2001 Mazda Tribute Reviews
Ford owns a controlling interest in Mazda, and though the Japanese company still sells unique products, it shares the Tribute with its bosses in Dearborn, Mich. Tribute is a new sport utility vehicle developed by the two companies, and Fords version is the Escape. They are based on the front-drive platform for the Mazda 626 sedan but use Ford engines.
Like the Escape, Tribute is designed to lure buyers out of cars by offering the look of an SUV with carlike driving ease and the security of four-wheel drive but not true offroad capability.
Tribute gets Mazda back into the SUV business. Because Mazda builds only cars, its previous SUV entry was a clone of the two-door Ford Explorer, discontinued after the 1994 model year.
Though the Tribute has the same shape as the Escape, it has a different grille, front fascia and headlamps, and unique exterior trim. It has similar dimensions and comes only as a four-door wagon with a rear liftgate that includes a flip-up window.
The overall length of 173 inches makes it 4 inches shorter than the Honda CR-V and 8 inches longer than the redesigned Toyota RAV4.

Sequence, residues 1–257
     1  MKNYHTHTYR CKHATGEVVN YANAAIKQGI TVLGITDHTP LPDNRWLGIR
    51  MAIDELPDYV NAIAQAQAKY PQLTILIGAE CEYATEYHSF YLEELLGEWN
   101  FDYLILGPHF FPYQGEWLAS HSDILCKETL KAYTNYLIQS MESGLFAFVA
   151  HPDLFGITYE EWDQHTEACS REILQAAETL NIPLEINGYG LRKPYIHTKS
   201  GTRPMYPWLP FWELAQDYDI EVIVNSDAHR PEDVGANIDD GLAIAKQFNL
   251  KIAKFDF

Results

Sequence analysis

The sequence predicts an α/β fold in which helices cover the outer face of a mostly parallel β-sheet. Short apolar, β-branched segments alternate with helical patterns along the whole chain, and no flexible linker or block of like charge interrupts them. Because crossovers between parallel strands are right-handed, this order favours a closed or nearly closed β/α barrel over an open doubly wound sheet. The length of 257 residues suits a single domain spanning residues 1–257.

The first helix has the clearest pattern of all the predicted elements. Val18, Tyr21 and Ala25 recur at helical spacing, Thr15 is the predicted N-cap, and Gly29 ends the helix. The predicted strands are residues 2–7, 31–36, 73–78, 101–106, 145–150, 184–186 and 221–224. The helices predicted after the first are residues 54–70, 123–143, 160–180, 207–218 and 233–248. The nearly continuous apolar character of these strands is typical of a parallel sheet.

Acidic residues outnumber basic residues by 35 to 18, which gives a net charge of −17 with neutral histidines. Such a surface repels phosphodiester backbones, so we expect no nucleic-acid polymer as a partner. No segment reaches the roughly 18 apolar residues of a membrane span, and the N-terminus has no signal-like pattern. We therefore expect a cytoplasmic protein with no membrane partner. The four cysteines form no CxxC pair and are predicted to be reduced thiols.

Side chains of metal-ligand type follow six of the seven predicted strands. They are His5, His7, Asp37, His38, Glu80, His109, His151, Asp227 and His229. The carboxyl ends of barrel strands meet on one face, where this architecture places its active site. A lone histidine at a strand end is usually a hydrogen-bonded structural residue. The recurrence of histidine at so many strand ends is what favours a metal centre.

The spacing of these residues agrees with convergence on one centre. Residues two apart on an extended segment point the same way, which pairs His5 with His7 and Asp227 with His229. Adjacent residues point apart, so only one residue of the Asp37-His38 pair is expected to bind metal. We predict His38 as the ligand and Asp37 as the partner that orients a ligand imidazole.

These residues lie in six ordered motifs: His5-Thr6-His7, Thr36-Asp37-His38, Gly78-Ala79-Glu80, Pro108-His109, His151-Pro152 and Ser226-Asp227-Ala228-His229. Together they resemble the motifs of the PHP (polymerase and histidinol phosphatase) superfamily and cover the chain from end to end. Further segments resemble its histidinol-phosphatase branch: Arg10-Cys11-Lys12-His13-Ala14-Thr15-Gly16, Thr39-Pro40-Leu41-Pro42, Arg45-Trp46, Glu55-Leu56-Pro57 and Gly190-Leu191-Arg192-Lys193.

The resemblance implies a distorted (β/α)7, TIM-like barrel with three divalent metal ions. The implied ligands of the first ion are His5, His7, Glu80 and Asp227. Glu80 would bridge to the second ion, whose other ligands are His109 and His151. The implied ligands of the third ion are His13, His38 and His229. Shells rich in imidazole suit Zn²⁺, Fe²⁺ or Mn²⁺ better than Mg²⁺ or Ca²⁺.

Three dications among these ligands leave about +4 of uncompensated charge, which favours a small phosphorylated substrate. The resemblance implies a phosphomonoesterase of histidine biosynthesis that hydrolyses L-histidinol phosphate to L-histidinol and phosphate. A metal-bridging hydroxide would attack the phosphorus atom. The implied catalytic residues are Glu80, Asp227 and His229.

Five-passenger seating is complemented by a folding rear seat on LX and ES models that expands cargo room from a minimum of 17 cubic feet to 70. Leather upholstery and a power drivers seat are standard on the ES, the most expensive model.
Under the Hood
Tribute has the same powertrain choices as Escape. The base engine is a 2.0-liter four-cylinder with 130 horsepower, and the optional engine is a 3.0-liter V-6 with 200 hp. The four-cylinder comes with only a five-speed manual and the V-6 with only a four-speed automatic. Front-wheel drive or a Ford four-wheel-drive system that engages automatically are available. Antilock brakes and side-impact airbags for the front seats are optional.